Monday, March 5, 2012

Iceland's former PM on trial for financial negligence

Again Iceland shows us mortals the way to do things properly: former Prime Minister Geir Haarde, who mismanaged the Icesavings crisis, is standing trial for negligence, for not making sure that legal safeguards were there. 

He claims that he's the victim of political persecution and a scapegoat and that he did not make sure that financial guarantees were there because he believed that was the best thing to do.

The way to Hell is paved of good intentions, say the superstitious... but it's doubtful this is the case: the guy managed to take the country hostage of private interests and only massive protests and a statesman-quality President who vetoed once and again abusive laws designed to make the citizens pay for the faults of the private banks, managed to save the small island nation, not without trouble. 

Sadly enough, the example of Iceland is again not being followed in the rest of Europe. Where is for example Kostas Karamanlis, main local culprit of the Greek debt crisis? He's still the leader of the main right-wing party and not a single case has been opened against him. Or the infamous Brian Cowen, who sold Ireland to the sharks much as Haarde wanted to do with Iceland. None of them has been brought to court and it is a pity because it would seem that only harsh punishment may dissuade politicians from abusing their mandates in favor of the corporations.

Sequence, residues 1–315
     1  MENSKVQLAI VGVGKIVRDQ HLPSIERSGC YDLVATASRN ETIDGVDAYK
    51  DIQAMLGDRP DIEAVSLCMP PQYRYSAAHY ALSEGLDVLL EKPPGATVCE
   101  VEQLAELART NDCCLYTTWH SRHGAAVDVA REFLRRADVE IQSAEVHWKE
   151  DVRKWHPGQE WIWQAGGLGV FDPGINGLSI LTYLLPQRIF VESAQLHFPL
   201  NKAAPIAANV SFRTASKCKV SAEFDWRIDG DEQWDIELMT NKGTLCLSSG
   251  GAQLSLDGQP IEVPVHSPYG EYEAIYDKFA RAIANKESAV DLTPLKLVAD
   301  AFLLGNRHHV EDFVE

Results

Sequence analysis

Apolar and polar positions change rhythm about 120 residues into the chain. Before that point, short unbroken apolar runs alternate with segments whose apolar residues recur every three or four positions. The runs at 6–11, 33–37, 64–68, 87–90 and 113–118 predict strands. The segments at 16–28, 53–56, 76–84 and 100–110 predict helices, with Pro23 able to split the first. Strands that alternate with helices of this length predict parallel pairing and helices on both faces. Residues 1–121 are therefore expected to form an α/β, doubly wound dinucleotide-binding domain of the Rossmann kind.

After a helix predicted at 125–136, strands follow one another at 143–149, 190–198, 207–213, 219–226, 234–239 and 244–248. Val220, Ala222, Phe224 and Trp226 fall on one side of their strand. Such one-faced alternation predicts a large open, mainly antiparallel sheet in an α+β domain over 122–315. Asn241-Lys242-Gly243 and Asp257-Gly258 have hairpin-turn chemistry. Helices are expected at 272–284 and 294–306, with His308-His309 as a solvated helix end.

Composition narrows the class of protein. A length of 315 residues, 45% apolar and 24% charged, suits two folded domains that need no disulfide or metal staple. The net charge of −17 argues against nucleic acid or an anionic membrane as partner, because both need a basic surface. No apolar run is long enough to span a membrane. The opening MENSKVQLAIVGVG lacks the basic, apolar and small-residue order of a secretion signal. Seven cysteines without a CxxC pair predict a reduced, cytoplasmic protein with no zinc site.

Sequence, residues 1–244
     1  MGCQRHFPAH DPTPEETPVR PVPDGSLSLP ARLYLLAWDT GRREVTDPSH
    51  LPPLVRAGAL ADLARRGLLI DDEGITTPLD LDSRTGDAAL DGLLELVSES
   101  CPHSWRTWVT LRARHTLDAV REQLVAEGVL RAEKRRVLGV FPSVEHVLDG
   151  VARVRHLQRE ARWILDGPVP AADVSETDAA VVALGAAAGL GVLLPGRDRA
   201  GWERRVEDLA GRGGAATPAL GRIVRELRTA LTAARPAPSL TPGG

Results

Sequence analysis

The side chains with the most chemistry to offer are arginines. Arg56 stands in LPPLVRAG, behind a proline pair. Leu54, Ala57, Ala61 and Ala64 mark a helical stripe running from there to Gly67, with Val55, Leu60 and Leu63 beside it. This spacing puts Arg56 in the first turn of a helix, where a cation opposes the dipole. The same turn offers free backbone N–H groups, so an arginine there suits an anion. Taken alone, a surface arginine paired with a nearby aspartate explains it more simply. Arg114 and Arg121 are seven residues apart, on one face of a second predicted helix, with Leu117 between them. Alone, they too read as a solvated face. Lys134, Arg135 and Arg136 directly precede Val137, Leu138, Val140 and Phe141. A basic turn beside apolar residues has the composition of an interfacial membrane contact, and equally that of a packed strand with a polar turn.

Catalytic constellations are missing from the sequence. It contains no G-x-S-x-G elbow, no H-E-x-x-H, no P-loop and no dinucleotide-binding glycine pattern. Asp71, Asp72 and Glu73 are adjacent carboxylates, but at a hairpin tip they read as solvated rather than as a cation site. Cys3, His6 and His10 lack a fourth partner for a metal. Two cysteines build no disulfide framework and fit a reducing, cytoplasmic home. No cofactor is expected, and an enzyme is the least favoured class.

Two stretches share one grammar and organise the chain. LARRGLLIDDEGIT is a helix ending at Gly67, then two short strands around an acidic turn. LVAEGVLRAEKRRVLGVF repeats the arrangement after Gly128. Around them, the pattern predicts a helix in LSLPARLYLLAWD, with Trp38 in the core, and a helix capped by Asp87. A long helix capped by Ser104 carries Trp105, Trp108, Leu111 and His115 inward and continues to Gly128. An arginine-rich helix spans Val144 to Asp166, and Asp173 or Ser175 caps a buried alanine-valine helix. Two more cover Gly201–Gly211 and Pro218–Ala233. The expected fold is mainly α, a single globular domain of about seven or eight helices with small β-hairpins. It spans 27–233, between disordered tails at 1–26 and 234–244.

Similarly, what do we see with the other culprits of the financial crisis: the core-European and US-American banks? The first are guaranteeing by these abuses that they get paid even if it is with the blood of the Greek, Irish and other European peoples, the latter, the infamous Goldman Sachs, sees its men placed as new proconsuls in Greece, Italy and even the European Central Bank. 

More guillotine for the enemies of the People!

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